Nov. 6, 2013 — Eye contact during early infancy may be a key to early identification of autism, according to a study funded by the National Institute of Mental Health (NIMH), part of the National Institutes of Health. Published this week in the journal Nature, the study reveals the earliest sign of developing autism ever observed — a steady decline in attention to others’ eyes within the first two to six months of life.
“Autism isn’t usually diagnosed until after age 2, when delays in a child’s social behavior and language skills become apparent. This study shows that children exhibit clear signs of autism at a much younger age,” said Thomas R. Insel, M.D., director of NIMH. “The sooner we are able to identify early markers for autism, the more effective our treatment interventions can be.”
Typically developing children begin to focus on human faces within the first few hours of life, and they learn to pick up social cues by paying special attention to other people’s eyes. Children with autism, however, do not exhibit this sort of interest in eye-looking. In fact, a lack of eye contact is one of the diagnostic features of the disorder.
To find out how this deficit in eye-looking emerges in children with autism, Warren Jones, Ph.D., and Ami Klin, Ph.D., of the Marcus Autism Center, Children’s Healthcare of Atlanta, and Emory University School of Medicine followed infants from birth to age 3. The infants were divided into two groups, based on their risk for developing an autism spectrum disorder. Those in the high risk group had an older sibling already diagnosed with autism; those in the low risk group did not.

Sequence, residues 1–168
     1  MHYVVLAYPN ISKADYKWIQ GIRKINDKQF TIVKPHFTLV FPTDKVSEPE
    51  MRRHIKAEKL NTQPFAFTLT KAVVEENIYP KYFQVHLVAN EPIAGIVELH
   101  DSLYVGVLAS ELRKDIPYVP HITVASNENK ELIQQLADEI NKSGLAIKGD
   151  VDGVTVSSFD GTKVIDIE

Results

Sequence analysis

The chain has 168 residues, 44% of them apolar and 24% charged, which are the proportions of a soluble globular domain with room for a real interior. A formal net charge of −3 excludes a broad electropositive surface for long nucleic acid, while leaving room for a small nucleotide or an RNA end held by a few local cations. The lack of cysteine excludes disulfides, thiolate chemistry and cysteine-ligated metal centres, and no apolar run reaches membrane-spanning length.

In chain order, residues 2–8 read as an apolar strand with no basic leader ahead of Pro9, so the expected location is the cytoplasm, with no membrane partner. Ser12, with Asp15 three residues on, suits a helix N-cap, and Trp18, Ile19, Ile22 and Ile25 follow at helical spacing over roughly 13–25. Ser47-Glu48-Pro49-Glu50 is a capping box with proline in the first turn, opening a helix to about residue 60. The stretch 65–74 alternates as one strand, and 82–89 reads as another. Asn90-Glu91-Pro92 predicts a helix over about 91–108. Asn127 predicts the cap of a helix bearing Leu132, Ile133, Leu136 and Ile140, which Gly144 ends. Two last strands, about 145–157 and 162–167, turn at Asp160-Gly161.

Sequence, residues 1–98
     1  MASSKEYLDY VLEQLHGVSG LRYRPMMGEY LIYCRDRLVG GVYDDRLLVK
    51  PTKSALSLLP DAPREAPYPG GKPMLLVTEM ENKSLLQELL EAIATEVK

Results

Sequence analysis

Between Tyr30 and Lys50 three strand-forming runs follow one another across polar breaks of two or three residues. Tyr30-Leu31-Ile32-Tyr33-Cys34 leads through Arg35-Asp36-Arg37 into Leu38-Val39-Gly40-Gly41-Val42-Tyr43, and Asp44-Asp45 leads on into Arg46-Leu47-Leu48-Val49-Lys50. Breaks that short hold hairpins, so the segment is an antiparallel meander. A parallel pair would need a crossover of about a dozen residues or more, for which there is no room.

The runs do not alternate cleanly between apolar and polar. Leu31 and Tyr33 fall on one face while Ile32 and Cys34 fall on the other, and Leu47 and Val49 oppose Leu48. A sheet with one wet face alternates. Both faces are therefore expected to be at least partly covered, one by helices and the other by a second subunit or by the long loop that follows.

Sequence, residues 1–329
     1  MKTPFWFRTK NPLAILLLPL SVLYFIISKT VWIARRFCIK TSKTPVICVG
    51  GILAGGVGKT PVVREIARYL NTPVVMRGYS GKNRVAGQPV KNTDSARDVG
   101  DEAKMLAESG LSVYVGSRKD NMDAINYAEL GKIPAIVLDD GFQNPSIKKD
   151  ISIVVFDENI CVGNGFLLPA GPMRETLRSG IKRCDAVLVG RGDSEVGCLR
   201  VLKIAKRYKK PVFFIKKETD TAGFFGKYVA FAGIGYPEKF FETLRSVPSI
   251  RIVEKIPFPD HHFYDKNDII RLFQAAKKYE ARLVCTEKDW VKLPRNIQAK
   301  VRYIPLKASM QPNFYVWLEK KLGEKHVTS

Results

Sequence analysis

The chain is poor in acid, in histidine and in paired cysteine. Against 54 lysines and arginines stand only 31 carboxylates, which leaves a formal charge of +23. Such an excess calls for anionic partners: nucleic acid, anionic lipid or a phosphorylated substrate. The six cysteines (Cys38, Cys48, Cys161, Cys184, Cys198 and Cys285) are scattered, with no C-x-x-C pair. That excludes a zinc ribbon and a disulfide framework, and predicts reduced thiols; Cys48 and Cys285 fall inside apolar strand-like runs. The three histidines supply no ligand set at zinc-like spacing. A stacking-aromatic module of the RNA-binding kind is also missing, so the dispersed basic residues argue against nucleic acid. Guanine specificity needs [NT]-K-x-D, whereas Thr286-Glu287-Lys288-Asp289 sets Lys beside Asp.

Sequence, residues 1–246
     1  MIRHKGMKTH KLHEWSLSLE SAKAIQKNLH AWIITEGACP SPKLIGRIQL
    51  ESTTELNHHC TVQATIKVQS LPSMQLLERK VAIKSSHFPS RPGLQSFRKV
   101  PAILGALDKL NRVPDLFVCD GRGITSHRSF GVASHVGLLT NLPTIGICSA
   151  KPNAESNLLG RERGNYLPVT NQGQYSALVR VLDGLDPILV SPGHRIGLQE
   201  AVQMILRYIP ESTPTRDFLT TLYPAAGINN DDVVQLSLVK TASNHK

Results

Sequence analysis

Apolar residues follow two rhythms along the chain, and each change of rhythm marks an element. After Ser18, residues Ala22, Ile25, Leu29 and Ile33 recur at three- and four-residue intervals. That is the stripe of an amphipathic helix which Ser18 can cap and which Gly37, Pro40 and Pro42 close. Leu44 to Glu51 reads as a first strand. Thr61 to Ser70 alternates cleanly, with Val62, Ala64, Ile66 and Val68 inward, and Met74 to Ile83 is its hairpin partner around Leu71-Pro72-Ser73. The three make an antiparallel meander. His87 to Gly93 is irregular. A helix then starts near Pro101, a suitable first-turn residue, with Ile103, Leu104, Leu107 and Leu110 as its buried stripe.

Jones and Klin used eye-tracking equipment to measure each child’s eye movements as they watched video scenes of a caregiver. The researchers calculated the percentage of time each child fixated on the caregiver’s eyes, mouth, and body, as well as the non-human spaces in the images. Children were tested at 10 different times between 2 and 24 months of age.
By age 3, some of the children — nearly all from the high risk group — had received a clinical diagnosis of an autism spectrum disorder. The researchers then reviewed the eye-tracking data to determine what factors differed between those children who received an autism diagnosis and those who did not.
“In infants later diagnosed with autism, we see a steady decline in how much they look at mom’s eyes,” said Jones. This drop in eye-looking began between two and six months and continued throughout the course of the study. By 24 months, the children later diagnosed with autism focused on the caregiver’s eyes only about half as long as did their typically developing counterparts.
This decline in attention to others’ eyes was somewhat surprising to the researchers. In opposition to a long-standing theory in the field — that social behaviors are entirely absent in children with autism — these results suggest that social engagement skills are intact shortly after birth in children with autism. If clinicians can identify this sort of marker for autism in a young infant, interventions may be better able to keep the child’s social development on track.
“This insight, the preservation of some early eye-looking, is important,” explained Jones. “In the future, if we were able to use similar technologies to identify early signs of social disability, we could then consider interventions to build on that early eye-looking and help reduce some of the associated disabilities that often accompany autism.”
The next step for Jones and Klin is to translate this finding into a viable tool for use in the clinic. With support from the NIH Autism Centers of Excellence program, the research team has already started to extend this research by enrolling many more babies and their families into related long-term studies. They also plan to examine additional markers for autism in infancy in order to give clinicians more tools for the early identification and treatment of autism.